The ‘righroots’

THE ‘RIGHROOTS’…. The Washington Post ran an interesting, 2,300-word item today on conservative blogs and their future within (alongside?) the Republican Party. As far as leading conservative activists — online and off — are concerned, the right is far behind the left when it comes to online presence, and there’s apparently a renewed push to do something about it.

As that process begins in earnest, I’d encourage them to consider this fine post from Outside the Beltway’s James Joyner. He argued the other day that, despite his conservative beliefs, he finds “most of the best analytical blogs are on the center-left,” and fleshed out his reasoning yesterday.

Part of the reason I’m drawn to the center-left blogs, including those cited above, Kevin Drum, Steve Benen, and others despite disagreeing with them while finding it increasingly difficult to find center-right blogs worth my time is that the former are much more likely to get beyond the debates of the 1980 election. There’s almost no serious analysis of health care reform, urban planning, education, and many other issues that regularly crop up on the best lefty blogs on their conservative counterparts. If we read about those issues at all, they’re framed as if Ronald Reagan were still aspiring to high office: Say No to socialism! Abolish the Department of Education! Government IS the problem!

While traditionalist grand theory is still valuable and worth discussion, it doesn’t work as a blanket response to micro-level issues. And defining conservatism solely by “What would Reagan do?” is a political non-starter in a world that simply looks much different than in did twenty-eight years ago. It would be as if Reagan constantly droned on about the evils of Harry Truman. Time marches on. Debates must, too, in order to be interesting.

So, where are the right-of-center counterparts to Yglesias, Klein, and company?

I’ve long wondered the same thing. For more than two years, I was the editor for Salon’ “Blog Report,” featuring posts from the left and right. It led me to read dozens of conservative blogs every day, and I quickly realized that when it came to depth and seriousness of thought, the two sides weren’t close. (James Joyner, who is both thoughtful and knowledgeable, is a noticeable exception.)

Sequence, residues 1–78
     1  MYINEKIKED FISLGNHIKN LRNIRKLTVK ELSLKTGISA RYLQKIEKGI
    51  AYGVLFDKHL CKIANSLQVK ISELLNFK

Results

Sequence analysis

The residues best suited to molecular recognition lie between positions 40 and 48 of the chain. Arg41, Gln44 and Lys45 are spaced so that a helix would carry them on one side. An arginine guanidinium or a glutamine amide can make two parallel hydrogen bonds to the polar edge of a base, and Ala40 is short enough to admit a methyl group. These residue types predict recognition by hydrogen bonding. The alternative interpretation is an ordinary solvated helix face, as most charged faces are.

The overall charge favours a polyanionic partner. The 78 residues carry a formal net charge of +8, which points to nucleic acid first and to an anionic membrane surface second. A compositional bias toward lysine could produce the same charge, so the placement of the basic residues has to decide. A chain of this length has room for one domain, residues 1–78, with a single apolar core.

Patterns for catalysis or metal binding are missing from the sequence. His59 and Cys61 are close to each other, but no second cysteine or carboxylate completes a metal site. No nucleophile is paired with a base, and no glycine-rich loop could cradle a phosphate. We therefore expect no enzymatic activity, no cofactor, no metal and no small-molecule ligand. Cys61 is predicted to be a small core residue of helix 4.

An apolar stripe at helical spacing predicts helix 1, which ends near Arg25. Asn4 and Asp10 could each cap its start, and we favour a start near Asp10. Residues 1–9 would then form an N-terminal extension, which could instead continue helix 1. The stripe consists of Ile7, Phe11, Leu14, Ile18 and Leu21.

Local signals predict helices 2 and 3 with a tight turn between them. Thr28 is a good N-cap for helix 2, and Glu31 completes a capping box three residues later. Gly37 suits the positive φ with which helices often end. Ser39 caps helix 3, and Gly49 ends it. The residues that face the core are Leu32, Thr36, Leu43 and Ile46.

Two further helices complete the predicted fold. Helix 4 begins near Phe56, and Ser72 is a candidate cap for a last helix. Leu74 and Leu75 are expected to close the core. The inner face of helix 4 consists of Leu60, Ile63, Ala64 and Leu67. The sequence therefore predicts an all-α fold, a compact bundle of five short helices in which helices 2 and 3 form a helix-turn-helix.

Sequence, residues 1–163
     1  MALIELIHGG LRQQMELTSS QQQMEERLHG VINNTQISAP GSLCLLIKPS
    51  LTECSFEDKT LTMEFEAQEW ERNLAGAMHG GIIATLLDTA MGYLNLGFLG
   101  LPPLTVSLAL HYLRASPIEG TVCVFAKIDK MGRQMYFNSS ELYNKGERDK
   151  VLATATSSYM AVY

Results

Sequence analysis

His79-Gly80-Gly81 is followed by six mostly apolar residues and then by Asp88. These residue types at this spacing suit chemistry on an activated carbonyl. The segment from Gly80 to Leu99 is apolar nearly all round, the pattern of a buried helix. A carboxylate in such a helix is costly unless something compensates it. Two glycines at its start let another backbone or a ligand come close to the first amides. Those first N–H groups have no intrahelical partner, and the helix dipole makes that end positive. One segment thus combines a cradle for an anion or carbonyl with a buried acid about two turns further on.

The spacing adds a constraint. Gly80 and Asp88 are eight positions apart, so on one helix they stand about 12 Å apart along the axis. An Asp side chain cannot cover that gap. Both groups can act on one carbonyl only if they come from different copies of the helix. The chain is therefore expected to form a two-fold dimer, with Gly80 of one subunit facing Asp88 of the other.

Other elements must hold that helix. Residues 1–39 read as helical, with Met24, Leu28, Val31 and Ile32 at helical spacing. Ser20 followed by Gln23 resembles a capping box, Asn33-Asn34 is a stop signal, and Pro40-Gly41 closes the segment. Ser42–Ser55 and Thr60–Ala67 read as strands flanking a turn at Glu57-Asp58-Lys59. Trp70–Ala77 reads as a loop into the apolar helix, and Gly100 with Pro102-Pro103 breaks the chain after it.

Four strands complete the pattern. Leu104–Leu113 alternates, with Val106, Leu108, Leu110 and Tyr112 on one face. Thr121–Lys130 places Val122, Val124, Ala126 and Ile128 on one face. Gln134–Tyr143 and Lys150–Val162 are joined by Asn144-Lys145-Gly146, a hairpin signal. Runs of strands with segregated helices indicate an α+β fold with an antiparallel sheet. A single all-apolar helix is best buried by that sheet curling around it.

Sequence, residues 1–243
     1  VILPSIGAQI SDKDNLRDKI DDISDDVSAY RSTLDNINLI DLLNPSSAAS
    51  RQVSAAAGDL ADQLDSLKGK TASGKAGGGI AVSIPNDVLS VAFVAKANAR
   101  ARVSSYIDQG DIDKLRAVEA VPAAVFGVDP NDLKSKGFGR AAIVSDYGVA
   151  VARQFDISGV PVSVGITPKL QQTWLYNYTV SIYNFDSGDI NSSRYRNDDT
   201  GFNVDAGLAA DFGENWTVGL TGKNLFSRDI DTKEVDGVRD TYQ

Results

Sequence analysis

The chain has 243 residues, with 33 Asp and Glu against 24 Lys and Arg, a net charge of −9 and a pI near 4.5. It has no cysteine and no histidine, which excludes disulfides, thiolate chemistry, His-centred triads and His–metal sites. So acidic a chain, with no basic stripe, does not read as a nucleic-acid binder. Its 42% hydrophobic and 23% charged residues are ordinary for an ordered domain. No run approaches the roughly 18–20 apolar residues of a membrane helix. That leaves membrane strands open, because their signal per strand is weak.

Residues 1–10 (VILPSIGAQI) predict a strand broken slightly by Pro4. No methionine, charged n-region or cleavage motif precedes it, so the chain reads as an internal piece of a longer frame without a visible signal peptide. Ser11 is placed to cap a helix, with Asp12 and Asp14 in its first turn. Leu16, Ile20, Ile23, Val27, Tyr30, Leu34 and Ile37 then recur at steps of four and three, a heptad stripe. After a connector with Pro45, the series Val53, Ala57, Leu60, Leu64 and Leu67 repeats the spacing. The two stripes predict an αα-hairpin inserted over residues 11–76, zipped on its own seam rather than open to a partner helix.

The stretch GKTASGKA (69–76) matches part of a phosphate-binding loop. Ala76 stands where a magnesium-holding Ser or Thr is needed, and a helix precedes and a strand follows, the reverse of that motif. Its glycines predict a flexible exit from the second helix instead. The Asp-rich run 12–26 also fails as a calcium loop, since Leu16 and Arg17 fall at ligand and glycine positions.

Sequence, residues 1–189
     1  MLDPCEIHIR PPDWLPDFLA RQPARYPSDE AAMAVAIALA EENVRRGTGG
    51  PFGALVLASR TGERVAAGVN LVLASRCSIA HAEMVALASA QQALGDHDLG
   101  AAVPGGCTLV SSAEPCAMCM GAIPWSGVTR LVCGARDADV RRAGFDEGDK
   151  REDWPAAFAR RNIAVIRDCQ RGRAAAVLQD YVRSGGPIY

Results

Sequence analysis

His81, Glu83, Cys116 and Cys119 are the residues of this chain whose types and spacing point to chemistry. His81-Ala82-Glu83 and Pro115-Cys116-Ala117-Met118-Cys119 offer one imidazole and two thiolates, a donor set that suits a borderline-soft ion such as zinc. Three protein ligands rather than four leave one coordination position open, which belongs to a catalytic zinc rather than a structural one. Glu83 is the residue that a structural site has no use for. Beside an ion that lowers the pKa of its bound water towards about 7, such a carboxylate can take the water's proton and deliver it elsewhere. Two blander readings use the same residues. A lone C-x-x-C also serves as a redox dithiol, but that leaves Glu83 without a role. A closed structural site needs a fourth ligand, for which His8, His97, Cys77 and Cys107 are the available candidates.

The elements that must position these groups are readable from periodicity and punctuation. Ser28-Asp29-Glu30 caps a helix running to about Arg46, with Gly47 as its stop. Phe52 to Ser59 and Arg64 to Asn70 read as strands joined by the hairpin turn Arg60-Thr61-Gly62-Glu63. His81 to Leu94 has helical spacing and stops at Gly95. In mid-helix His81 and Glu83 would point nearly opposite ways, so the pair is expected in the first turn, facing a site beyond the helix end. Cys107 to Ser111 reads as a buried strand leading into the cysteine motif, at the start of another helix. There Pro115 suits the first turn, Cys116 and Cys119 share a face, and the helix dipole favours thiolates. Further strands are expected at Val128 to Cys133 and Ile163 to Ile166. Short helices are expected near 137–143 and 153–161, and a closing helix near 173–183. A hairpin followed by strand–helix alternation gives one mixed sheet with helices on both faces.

Indeed, to help drive the point home, earlier this year, Erick Erickson, RedState’s editor, acknowledged that the “netroots” have an advantage over the “rightroots,” but attributed it to an asymmetry in free time, since conservatives “have families because we don’t abort our kids, and we have jobs because we believe in capitalism.”

This is largely the kind of thinking that dominates on conservative blogs. They can’t quite get to policy disputes or serious analysis, because they’re too busy mulling over the implications of liberals joining forces with Islamofascists, the United Nations, and Mexican immigrants to execute some kind of nefarious plot.

Worse, Kevin noted that when these blogs do consider key policies, such as global warming and growing income inequality, they tend to believe the problems don’t exist.

“Global warming and skyrocketing income inequality are problems that didn’t even exist in 1980, which means there is no ‘Reaganite’ solution to appeal to,” Kevin concluded. “There might still be conservative takes on these things, but they won’t do any good until conservatives actually accept that these are real problems that people genuinely care about. That day still seems pretty far off.”

Republican Party leaders are anxious to take advantage of conservative blogs’ dynamism as part of the rehabilitation of the GOP. Maybe these folks should crawl before they walk?